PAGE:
Now that you’ve found some time, how can you fill it with something meaningful? Now is the time to snap your fingers and learning a new language!

Step 5: Small bits add up. Even a few minutes each day can feel like a fortune of time when put towards something you care about. We’ve all seen the guy doing dips on a bench to sneak in a workout while waiting for the bus. You can use the same principle for learning your new language (without getting any funny looks.)

· Listen

Use the time during your commute, errands, or other tasks to listen to a podcast in your language of study.

· Speak

Practice speaking your new language whenever you can. If you are learning with your family or friends, have conversations with them in your new language. Practice with native language speakers if you are able. And if there’s no one else, it’s okay to talk to yourself.

· Read

Put the language where you’ll see it. Write down key vocabulary words on flashcards and put them around your house where you’ll notice them. Put them on your bedroom door, the corner of the television, the refrigerator, the bathroom mirror, and any other place you will be sure to see. If you turn to your phone when you have downtime, several apps can help you make digital flashcards. This way, you can learn while you wait at the dentist’s office or in line at the grocery store.

· Link

You can also tie your learning to other everyday activities. You can review your learning materials when you sit down for coffee or tea each morning. You can turn on the subtitles in your chosen language as you watch a television show or movie. Since you do these things every day, it will help you stay connected to learning your new language.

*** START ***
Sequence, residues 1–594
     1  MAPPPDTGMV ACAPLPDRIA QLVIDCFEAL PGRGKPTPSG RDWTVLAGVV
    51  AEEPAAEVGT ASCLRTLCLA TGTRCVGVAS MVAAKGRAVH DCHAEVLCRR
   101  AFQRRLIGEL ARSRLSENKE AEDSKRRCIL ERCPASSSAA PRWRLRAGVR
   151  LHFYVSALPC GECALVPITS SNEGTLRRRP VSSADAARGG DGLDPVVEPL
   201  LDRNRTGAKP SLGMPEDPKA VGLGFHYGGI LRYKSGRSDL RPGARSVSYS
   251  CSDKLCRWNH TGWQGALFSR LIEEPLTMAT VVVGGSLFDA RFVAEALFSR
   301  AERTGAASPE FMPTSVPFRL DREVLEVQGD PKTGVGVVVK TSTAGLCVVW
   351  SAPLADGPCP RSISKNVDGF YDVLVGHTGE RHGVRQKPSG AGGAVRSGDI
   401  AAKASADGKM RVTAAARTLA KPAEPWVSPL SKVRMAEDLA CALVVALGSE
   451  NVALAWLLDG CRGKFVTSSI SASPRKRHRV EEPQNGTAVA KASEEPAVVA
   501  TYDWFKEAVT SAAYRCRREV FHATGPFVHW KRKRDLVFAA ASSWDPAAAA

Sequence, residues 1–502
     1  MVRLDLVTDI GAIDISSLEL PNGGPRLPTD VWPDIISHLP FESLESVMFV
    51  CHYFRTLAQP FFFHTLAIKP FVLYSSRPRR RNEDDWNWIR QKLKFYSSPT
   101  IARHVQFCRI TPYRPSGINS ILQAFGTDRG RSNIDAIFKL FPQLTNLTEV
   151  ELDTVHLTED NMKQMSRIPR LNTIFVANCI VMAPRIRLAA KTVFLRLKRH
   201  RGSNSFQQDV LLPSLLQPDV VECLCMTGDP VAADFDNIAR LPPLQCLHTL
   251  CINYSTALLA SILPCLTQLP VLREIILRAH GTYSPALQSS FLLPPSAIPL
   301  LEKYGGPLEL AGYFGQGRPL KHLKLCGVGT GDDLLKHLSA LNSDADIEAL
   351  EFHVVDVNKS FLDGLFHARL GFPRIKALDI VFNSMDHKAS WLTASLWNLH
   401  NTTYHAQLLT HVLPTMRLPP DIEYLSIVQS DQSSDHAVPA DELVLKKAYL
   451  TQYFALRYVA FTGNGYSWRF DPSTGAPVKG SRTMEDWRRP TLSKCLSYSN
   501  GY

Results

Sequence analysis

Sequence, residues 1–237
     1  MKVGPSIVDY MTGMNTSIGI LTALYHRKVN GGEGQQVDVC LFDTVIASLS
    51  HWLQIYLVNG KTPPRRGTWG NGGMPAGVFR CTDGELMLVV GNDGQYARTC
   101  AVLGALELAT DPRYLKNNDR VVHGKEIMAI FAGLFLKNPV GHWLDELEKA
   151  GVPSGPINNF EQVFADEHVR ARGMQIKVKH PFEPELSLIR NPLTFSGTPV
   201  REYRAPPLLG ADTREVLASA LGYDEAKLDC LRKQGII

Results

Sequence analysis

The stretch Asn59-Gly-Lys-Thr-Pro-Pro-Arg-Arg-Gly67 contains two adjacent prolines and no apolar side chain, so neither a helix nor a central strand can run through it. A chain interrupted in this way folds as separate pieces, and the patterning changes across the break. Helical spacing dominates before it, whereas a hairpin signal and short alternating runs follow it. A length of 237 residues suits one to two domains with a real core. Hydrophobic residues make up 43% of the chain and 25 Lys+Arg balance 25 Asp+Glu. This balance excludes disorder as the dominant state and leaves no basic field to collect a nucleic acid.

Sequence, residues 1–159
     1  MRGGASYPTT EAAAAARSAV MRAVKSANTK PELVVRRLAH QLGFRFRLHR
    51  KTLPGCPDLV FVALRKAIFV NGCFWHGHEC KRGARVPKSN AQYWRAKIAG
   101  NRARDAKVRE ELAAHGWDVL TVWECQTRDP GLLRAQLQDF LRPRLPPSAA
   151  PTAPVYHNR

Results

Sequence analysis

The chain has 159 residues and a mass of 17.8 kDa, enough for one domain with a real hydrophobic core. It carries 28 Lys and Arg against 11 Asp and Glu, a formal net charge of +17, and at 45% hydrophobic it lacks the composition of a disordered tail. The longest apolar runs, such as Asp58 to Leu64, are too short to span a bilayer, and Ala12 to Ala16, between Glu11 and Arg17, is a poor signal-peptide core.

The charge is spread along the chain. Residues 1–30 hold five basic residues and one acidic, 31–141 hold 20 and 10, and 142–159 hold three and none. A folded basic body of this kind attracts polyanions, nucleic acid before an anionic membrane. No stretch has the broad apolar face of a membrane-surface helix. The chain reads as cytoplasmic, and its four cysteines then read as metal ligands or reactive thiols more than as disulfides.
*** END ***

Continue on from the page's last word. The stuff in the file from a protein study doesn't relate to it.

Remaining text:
· Study as a treat

Let learning your new language be a gift you give yourself. You can be intentional about study time and also have fun. Set aside 15 minutes to use as a break between work tasks or other chores. Or set it up as a reward for ticking something off your To-Do list or completing a difficult task.

Step 6: Finally, Make a Commitment

Flexible classes at ReDefiners allow you to use your time well.

The conventional wisdom holds that we are more likely to follow through when we commit not just to ourselves, but to others. This is true, with some caveats. It works best when we commit to a process over an end goal, have consistent check-ins, and receive positive feedback.

ReDefiners language courses offer all this with a flexible schedule for group or individual courses. They offer online and in-person courses in English, Spanish, Mandarin, and Arabic. Their Classes meet for one hour twice a week to keep you on track and offer flexible coursework and one-on-one meetings with the instructors for extra support. The time commitment varies to best serve your goals, whether you’re a Casual Learner, a Standard Learner, or an Intensive Learner.

Now that you found the time, don’t just use it, maximize it. Learn a new language with expertly guided instruction and engaging and interactive resources proven to get results. For more information about our classes, please visit or email us at